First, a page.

January sales in Scotland were down almost 8% on pre-pandemic levels, but have shown improvement since the Christmas period.
Total sales in Scotland fell 7.9% from January 2020, when they saw a 1.3% increase.
However, this figure is higher than the three-month average decline of 11.6% and the 12-month average decline of 10.8%.
January’s performance also represents a 5.1% improvement on December last year and is the smallest two-year decline since July 2021, according to the latest report from the Scottish Retail Consortium (SRC).
The research showed Scottish-only sales were down 3.0% on a like-for-like basis from January 2020, when they were down 0.1%, higher than the three-month average drop of 1 .1% and over 12 months. average drop of 8.1%.
Total food sales increased last month by 3.3% compared to the same period of 2020, when they increased by 2.7%.
This figure, however, was still below the three-month average growth of 3.5% and the 12-month average growth of 4.3%.
And total non-food sales, including kidswear, men’s smartwear and furniture, fell 17.3% in January from the same month in 2020, when they rose 0.2%. .
This figure was higher than the three-month average decline of 24.2% and the 12-month average decline of 23.5%.
The report adds that with the estimated impact of online sales, non-food sales fell 34.0% in January compared to the same month in 2020, when they increased by 1.1%.
Ewan MacDonald-Russell, head of policy at the SRC, said it was “too early to say” whether the figures represent the start of a “shopping revival” in Scotland.
The report says that with inflation at historically high levels, some of the sales growth will reflect higher prices rather than increased volumes.
Mr MacDonald-Russell said: “January saw the best Scottish sales figures in six months as stores launched 2022 with tentative signs of recovery.
“While these figures are littered with caveats – sales value remains nearly 8% below pre-pandemic figures and is supported by inflation – it is nevertheless welcome to see an improvement in performance after a terrible end of year 2021.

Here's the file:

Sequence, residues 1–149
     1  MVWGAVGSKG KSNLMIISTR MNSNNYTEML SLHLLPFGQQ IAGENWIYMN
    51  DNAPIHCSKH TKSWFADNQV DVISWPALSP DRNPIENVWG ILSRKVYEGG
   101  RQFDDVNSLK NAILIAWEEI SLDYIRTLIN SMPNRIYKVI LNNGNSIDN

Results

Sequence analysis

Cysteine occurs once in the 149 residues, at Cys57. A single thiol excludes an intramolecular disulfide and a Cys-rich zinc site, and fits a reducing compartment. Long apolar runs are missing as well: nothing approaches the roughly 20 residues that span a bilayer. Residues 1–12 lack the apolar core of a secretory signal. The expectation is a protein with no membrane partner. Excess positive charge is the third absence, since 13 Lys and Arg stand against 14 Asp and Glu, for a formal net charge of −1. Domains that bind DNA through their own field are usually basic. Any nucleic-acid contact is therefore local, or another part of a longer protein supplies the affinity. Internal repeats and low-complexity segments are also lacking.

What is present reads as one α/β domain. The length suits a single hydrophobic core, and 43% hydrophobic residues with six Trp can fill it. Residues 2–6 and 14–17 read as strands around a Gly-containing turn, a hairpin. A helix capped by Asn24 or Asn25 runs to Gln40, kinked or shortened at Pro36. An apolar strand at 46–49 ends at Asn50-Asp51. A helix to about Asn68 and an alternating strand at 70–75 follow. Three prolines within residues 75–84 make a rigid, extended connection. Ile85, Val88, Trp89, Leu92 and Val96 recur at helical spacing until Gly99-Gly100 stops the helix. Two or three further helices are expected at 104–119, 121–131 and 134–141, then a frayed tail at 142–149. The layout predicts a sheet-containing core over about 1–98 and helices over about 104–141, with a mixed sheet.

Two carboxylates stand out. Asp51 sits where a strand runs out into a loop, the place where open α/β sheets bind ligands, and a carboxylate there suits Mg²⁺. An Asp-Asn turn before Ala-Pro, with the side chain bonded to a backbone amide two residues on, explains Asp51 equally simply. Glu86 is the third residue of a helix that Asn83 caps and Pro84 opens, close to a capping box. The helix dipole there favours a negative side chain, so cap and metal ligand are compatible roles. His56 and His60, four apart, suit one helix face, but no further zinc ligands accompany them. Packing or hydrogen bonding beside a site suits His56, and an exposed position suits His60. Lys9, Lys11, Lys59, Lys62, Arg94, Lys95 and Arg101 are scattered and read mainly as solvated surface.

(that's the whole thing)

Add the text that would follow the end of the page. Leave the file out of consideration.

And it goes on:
“However, much of this growth comes from rising inflation which grocers are now forced to pass on to customers through higher prices.”
He said a combination of high inflation, rising policy costs and strained household finances were making selling difficult for traders, adding: “Hopefully there will be brighter skies in come, but it looks like it will be someday until we get there.”
Paul Martin, Partner, Head of UK Retail at KPMG, added: “An encouraging start to the year is good news, but with inflation hitting both consumers and retailers, the months to come will require a balanced approach to stimulate growth.
“There are clear signs that we are moving closer to traditional business models and that sales are returning to pre-pandemic levels.
“Normally a month of quiet trading, January’s strong performance was driven by non-food sales, with notable performances including formal office wear reflecting the return to the office for many.
“It remains to be seen whether sales will continue to grow and approach the levels we saw before the pandemic.”
He added: “Scottish households will feel the pinch in the months ahead, with rising energy and fuel prices being compounded by inflation which is set to peak in April.
“Retailers are facing their own inflationary pressures and will have to make tough decisions about whether and how to pass on the rising costs they have been sitting on for some time to consumers facing their own financial difficulties.
“We could easily see the health of the sector start to deteriorate if consumers choose to sit on their savings to weather the storm.”
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